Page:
You know, I remember giving a speech once to a large group of university students. They asked me who my mentor was, and I thought nobody that I know of... then, Angela Oh, the civil rights activist, hit me and said “It’s your mother...of course it's your mother. She's a trailblazer.” And I thought, You know what? She's absolutely right!

I had this very strong female model right in front of me. At a time when women were relegated to staying home and not doing much outside the house, my mother was a triple major from USC who lost her husband early, but had the wherewithal, strength and power to raise four children on her own, take care of her own mother, and take care of my father's parents at the same time. I don't think my generation had that kind of wherewithal to step up and fill that void. And yet she painted a mural for us that showed you can do anything as long as you put in the work and understand that you're going to have to bust down some doors. Sometimes you'll lose. If so, you just got to pull yourself up, suck it up and move on. And she demonstrated that every day.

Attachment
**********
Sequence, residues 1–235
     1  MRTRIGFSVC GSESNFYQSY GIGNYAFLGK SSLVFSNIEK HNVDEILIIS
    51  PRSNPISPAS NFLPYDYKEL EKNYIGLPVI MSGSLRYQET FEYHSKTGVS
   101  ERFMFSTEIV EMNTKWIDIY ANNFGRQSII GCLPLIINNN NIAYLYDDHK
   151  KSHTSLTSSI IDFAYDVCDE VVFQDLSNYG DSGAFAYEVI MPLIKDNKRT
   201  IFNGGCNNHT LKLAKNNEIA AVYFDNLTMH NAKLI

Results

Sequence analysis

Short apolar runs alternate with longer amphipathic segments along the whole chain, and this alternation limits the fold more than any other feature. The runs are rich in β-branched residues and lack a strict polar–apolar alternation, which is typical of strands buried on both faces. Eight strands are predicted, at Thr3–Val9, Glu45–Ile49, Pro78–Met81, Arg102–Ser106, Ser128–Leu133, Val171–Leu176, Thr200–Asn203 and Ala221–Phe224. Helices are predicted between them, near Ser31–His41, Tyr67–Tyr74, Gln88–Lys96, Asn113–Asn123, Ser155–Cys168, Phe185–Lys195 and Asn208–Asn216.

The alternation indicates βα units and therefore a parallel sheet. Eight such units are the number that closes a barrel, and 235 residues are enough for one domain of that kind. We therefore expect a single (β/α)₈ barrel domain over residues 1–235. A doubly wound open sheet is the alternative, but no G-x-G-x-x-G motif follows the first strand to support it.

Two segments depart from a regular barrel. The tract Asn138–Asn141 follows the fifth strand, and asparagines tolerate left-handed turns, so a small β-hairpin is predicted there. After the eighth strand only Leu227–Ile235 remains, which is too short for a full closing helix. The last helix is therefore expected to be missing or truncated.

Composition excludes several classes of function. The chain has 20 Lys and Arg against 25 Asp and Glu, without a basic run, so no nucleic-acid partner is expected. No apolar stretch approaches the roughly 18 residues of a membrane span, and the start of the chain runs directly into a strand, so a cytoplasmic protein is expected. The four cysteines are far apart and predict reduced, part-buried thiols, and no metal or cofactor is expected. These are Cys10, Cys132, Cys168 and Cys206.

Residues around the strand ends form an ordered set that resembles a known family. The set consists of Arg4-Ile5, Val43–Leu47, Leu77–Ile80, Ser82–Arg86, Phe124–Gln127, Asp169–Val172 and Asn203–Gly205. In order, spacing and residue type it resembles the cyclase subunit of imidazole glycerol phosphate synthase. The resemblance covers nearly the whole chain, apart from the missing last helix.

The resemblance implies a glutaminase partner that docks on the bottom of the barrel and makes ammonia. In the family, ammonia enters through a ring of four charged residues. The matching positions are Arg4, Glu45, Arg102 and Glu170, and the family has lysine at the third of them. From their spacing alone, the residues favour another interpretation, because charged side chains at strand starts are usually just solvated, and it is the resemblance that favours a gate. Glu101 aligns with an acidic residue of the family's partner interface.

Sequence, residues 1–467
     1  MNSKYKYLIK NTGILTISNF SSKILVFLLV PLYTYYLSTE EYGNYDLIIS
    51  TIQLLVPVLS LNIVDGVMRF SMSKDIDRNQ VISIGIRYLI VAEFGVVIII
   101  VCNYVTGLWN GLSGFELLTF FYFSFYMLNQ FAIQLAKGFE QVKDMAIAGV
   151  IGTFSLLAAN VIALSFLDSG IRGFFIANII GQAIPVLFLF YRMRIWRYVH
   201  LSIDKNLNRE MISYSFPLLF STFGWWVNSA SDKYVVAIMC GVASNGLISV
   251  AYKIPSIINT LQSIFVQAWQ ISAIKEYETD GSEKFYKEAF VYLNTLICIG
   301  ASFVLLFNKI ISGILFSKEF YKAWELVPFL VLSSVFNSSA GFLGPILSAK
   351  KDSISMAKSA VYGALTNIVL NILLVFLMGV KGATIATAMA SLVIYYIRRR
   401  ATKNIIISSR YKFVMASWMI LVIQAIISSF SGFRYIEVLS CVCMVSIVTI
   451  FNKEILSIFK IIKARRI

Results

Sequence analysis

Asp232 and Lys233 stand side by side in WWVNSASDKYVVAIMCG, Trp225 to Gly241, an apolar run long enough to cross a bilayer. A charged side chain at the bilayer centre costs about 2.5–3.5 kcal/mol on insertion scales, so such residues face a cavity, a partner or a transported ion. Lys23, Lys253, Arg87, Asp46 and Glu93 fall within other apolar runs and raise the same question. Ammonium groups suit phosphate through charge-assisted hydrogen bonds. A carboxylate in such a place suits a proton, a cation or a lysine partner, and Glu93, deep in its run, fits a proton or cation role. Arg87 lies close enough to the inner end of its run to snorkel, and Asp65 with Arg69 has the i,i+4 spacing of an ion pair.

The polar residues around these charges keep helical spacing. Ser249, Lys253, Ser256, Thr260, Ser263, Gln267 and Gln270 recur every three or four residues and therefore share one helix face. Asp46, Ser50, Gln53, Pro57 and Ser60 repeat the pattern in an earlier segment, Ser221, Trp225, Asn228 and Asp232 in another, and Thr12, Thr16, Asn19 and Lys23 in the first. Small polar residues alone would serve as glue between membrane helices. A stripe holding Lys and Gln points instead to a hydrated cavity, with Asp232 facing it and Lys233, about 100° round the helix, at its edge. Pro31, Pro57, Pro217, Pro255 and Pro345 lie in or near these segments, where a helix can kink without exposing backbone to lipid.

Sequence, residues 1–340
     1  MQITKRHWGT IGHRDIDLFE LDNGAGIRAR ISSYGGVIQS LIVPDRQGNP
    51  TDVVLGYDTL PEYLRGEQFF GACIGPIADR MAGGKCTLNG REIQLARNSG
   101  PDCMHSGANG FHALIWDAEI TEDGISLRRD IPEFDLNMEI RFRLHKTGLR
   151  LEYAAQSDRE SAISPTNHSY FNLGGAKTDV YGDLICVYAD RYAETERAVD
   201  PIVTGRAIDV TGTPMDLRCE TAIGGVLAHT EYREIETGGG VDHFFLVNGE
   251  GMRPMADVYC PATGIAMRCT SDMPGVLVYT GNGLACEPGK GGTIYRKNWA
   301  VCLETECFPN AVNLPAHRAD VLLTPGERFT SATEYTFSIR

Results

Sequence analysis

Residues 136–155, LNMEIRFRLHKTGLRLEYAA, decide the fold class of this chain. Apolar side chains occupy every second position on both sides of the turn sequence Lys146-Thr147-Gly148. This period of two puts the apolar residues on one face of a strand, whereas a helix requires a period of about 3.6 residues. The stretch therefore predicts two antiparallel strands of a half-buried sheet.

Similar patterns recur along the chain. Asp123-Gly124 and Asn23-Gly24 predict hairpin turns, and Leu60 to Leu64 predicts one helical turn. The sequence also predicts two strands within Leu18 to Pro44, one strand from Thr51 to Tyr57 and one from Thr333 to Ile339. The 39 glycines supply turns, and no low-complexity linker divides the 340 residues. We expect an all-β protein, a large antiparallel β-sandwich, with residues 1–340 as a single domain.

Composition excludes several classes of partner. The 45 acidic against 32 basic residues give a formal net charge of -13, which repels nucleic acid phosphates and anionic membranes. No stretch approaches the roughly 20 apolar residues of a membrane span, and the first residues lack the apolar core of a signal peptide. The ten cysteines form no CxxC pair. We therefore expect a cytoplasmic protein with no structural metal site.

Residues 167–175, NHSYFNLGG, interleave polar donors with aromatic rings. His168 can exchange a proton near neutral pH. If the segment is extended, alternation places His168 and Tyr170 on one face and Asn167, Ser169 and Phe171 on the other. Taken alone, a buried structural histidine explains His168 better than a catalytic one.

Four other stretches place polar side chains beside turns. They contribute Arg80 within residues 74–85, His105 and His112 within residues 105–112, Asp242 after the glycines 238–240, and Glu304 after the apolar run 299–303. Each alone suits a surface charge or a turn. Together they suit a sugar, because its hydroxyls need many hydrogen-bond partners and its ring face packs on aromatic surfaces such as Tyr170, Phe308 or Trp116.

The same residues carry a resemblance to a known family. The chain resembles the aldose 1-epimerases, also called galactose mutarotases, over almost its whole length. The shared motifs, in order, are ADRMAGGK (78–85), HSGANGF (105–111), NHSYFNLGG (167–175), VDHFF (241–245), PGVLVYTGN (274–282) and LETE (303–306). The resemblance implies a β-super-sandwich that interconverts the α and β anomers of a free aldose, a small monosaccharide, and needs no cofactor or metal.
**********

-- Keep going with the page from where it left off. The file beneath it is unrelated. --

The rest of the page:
My mother became a teacher after my dad died. She went back to school, got her diploma in education so she could put food on the table, and somehow or other, became part of the bilingual, multinational, and multicultural push in the Los Angeles Unified School District. She helped write the first multicultural program in the country and helped get a lot of people elected to school boards who thought the way she did and believed in public education, which is the way out of the ghetto, the barrio, or wherever you’re from.

So I watched her through the years, standing on stage to address major groups and talk about public education and educating all children, even those that can't speak English who are new to this country. Of course she was my role model. She was definitely a template for me to watch and be encouraged by. 

Could you tell us more about your childhood?